Wednesday, October 5, 2022
Eleventh Circuit Rebuffs Challenge to Georgia's Voter-List Distribution Practices
The Eleventh Circuit rejected a challenge to Georgia's process of distributing voter lists to precincts, reversing a district court order that the state adjust the timing of the distribution in order to cut down on lengthy wait-times at polling places.
The ruling is a win for the state and a blow to the Coalition for Good Governance, which lodged (and is lodging) multi-prong efforts to challenge and reform Georgia's voting practices.
The case shows how state voting practices that we often don't even think about can frustrate voters and even distort elections, and still evade judicial scrutiny.
The case, Curling v. Raffensperger, grows out of Georgia's practice of reporting eligible voters to precincts before election day. Georgia compiles and distributes lists of eligible voters electronically before election day. But the electronic system sometimes fails, so the state offers a paper backup. But the state prints the paper lists before the close of early voting and before the close of absentee voting in the state. This means that the paper lists aren't up to date. This, in turn, requires poll workers to take time to verify the eligibility of more voters, and to force those voters to use provisional ballots.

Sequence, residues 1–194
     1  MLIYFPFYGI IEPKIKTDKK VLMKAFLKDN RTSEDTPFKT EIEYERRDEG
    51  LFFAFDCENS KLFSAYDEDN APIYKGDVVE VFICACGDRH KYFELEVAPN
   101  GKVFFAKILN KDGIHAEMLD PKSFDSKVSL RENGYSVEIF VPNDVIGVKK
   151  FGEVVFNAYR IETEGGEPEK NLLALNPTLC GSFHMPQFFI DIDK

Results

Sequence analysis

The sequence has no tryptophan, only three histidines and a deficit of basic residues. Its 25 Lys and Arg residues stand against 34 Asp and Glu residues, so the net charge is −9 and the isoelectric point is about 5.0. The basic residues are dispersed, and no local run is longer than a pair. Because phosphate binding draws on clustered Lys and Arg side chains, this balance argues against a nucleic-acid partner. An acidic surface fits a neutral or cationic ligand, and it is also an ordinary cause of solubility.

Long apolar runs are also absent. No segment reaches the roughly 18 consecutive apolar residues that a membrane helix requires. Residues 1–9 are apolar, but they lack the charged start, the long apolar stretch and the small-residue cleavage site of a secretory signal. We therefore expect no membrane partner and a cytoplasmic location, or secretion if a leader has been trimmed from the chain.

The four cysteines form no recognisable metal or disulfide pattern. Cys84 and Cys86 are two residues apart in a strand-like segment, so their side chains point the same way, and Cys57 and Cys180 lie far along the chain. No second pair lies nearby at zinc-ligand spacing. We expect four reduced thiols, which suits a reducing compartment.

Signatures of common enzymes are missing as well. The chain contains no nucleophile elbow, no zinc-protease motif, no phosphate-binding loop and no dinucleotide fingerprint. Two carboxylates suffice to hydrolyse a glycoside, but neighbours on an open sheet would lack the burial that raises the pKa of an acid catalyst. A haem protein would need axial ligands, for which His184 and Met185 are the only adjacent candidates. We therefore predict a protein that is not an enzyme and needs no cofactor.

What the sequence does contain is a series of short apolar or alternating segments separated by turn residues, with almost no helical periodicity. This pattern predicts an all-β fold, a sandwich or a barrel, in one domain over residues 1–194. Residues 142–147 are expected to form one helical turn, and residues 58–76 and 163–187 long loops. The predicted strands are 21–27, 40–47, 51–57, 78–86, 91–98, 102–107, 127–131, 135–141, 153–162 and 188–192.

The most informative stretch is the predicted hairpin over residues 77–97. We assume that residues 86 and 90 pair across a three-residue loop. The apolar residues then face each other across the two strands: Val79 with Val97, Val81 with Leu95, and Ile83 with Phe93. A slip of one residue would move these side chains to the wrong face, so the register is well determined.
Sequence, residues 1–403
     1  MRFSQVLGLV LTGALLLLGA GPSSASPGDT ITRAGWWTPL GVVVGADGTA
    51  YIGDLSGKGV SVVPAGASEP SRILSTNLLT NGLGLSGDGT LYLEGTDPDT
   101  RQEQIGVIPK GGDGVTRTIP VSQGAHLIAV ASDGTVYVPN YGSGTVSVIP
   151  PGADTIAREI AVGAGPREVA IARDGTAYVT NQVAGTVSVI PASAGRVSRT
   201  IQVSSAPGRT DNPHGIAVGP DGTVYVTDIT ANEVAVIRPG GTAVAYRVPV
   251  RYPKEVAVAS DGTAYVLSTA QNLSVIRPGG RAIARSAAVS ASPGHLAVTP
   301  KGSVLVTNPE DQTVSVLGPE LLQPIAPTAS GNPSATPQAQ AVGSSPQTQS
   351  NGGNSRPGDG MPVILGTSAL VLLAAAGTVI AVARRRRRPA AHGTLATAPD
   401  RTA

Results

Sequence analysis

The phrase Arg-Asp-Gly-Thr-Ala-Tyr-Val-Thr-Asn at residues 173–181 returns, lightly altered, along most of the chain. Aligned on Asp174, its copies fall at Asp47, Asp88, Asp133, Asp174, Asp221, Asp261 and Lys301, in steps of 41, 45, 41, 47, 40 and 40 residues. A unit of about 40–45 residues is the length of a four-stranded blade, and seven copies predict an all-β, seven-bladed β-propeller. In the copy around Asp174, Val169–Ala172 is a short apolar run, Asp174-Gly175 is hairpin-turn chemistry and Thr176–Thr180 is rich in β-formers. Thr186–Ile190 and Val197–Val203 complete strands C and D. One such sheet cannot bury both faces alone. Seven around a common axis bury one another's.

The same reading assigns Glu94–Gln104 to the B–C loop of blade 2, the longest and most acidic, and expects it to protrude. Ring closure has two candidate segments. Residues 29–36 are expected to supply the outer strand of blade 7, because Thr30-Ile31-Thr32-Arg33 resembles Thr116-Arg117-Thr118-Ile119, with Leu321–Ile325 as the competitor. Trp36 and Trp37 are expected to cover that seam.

All this leads to longer wait-times on election day, causing frustrated voters to leave, according to the plaintiffs. Moreover, provisional ballots might not get counted.
The district court held that this system violated the right to vote and ordered the state to print its backup lists only after the close of early voting--so that the backup print lists exactly matched the electronic data on election day.
The Eleventh Circuit reversed. The court applied the Anderson-Burdick balancing test, which says that a voting practice violates the right to vote when the burdens on the right to vote outweigh the state's interests in the voting practice. But the court said that the plaintiffs couldn't connect the burden on the right to vote--the long lines and wait-times at polling places--to the state's reporting practices. In other words: there may have been a harm, even a significant one, but it wasn't caused by the state's reporting practices. Without a harm caused by the challenged practice, the court said that it didn't even have to weigh the state's interests in its reporting practices.